Kapil Dev returns to BCCI fold
Kapil Dev, the former India captain, has cut off his association with the unofficial Indian Cricket League, which is now defunct, opening the door to work again with the BCCI. He also stands to be awarded his benefit of Rs 1.5 crore ($270,000) and possibly his pension arrears.
"Mr Kapil Dev has informed the Board that he has resigned from the Essel Sports Private Limited/ICL," the BCCI said. "He has also stated in the letter that he has always supported the BCCI, and will continue to do so in the future.
"The BCCI acknowledges Mr Kapil Dev's immense contribution to Indian cricket, and looks forward to a fruitful association with him in the years to come."
Kapil spoke briefly to reporters after the meeting. "The BCCI is like a parent and we are like its children. I have contributed to the welfare of cricket and cricketers during my earlier association [with the BCCI] and aim to do so even now."
Speaking to the BCCI's website, Kapil was all praise for the Indian board and its president, N Srinivasan. "There can be misunderstandings at times, but as part of Indian cricket, I've always had respect for the organisation more than the individuals [that form it]. I love my cricket board and I'm so happy to be back here. I'm proud to be part of one of the biggest sporting organisations in the world.
"He [Srinivasan] is a wonderful administrator and has shown his worth. I was so delighted to hear from him. He's a man with endless passion for Indian cricket and that's what I admire the most about him. There are people who are only interested in name and fame, but few work sincerely for 25 to 30 years for the betterment of the game."
This ends a long and bitter battle between the board and Kapil, which began with the birth of the ICL in 2007 in the aftermath of India's disastrous World Cup campaign in the West Indies. The ICL, promoted by the Zee group, pre-empted the BCCI's own IPL and was promptly declared unofficial, its players barred from all forms of the game in India and eventually globally. Kapil himself was sacked as chairman of the National Cricket Academy and there followed a series of events, court cases and failed negotiations that led to the ICL's closure; the league's last competitive match was in November 2008.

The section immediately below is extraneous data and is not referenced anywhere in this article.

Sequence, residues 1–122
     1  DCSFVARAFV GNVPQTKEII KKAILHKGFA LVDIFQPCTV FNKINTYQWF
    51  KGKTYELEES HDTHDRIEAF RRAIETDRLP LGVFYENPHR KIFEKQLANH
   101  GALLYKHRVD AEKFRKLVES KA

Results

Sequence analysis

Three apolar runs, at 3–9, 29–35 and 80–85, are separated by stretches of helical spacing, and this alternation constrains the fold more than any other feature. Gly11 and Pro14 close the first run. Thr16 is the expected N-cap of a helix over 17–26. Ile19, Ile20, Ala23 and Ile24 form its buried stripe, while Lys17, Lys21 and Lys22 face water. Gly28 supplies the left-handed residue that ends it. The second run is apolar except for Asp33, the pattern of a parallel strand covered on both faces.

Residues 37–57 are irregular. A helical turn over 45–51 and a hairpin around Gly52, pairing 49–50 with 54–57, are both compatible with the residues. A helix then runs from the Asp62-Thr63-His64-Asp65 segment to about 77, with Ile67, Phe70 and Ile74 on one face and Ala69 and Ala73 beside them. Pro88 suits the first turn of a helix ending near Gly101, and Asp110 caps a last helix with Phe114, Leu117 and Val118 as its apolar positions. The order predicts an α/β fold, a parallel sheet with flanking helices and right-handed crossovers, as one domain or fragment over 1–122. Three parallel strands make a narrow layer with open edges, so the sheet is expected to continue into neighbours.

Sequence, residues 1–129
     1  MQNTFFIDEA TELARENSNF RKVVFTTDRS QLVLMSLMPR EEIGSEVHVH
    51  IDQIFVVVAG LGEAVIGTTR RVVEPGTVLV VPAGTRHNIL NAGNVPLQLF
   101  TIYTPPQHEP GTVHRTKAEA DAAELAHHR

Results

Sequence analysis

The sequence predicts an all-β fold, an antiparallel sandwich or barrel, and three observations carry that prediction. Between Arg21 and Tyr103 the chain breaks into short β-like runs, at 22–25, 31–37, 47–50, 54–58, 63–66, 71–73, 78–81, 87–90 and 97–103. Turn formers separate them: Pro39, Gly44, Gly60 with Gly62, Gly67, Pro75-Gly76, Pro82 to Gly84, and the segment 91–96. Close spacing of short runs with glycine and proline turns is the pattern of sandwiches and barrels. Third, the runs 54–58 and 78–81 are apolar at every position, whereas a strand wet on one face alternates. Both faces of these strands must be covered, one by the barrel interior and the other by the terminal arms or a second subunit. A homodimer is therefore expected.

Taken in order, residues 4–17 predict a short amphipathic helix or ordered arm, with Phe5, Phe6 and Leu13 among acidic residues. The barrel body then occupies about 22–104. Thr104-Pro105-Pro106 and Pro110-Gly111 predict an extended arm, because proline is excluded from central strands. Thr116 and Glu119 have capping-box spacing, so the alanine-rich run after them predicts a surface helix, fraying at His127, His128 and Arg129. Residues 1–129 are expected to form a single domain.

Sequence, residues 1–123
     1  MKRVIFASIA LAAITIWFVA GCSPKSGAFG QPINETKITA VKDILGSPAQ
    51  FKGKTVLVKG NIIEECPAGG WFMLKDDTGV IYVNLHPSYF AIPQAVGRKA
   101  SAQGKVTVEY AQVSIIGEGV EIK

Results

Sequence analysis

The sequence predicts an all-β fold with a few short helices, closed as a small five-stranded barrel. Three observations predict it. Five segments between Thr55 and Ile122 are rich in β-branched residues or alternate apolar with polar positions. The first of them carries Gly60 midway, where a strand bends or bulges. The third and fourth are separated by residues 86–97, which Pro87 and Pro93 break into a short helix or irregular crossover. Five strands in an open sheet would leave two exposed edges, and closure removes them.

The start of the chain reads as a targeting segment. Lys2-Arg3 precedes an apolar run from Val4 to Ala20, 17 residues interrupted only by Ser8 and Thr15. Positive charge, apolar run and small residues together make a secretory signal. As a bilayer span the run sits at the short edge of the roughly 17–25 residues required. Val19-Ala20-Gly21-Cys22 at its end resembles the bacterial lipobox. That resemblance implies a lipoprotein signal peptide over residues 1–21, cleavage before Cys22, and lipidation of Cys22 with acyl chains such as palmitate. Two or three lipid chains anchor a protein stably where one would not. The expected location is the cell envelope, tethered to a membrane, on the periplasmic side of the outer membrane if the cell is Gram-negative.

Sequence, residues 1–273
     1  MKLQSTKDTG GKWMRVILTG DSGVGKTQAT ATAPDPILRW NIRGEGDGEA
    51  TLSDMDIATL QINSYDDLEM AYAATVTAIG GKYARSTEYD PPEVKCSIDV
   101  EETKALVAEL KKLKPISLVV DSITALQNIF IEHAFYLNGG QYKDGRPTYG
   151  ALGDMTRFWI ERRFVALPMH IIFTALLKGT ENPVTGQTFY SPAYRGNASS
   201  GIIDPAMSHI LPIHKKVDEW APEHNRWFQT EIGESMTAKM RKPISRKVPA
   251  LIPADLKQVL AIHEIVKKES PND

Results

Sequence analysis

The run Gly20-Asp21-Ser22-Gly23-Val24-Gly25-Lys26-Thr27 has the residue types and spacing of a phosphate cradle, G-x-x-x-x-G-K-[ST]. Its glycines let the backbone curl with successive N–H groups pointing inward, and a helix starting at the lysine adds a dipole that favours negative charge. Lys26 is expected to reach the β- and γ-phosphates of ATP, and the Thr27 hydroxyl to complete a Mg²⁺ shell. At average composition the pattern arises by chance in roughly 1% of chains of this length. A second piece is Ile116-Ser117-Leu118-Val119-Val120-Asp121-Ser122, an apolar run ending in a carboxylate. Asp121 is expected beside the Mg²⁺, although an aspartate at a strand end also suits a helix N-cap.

Kapil spent the next five years on the margins of the game as a television talking head and a newspaper columnist, his relationship with the official side of Indian cricket remaining rocky. However, he held centrestage at the official silver jubilee celebration of India's 1983 World Cup win and, two years later, was inducted into the ICC's Hall of Fame.
In April 2008 the BCCI announced an amnesty scheme for all involved with the ICL, with a May 31 deadline to cut off all ties with the rebel league. On June 2 it announced an amnesty for 79 players, 11 former players and 11 officials. Kapil Dev was not on that list but his rehabilitation has now been completed.
The BCCI will tick July 2012 off as a month of restoration: first came the Indo-Pak cricket ties, then Kiran More was returned to the fold, and on Wednesday, it was time for reconciliation with the biggest fish of them all, Kapil Dev. A five-year cold war over the ICL has ended in a warm embrace of cordiality and bonhomie. The BCCI has kindly recognised Kapil's "immense" contribution to Indian cricket and Kapil has called the BCCI his "parent". Behind all this are two simple truths: one, that the BCCI's financial clout is very hard to resist, and two, fighting words from Kapil Dev are to be taken as seriously as crackpot news television. This is the same cricketer who had threatened to go on a hunger strike if the ICL's younger players were ignored by the BCCI.
The BCCI's first response to Kapil joining the ICL was to sack him as head of the National Cricket Academy and cut off his monthly pension. Devastating for a cricketer of small means, much less so to someone with Kapil's hefty financial earnings. Then the BCCI tried to snub him by not inviting him to a few functions and, as he was India's only World Cup-winning captain until 2011, that only made them look small. The master move came two months ago when the BCCI announced one-time benefits to former cricketers; Kapil was omitted, losing about Rs 1.5 crore ($270,000 approx). The BCCI's pound of flesh was in the form of written assurances of loyalty from former players who have had sterling careers for India. In an angry newspaper column, Kapil, though, drew himself up to his impressive height and said: "Not all cricketers are answerable to the board." On Wednesday, he put himself in the category of cricketers who are affordable.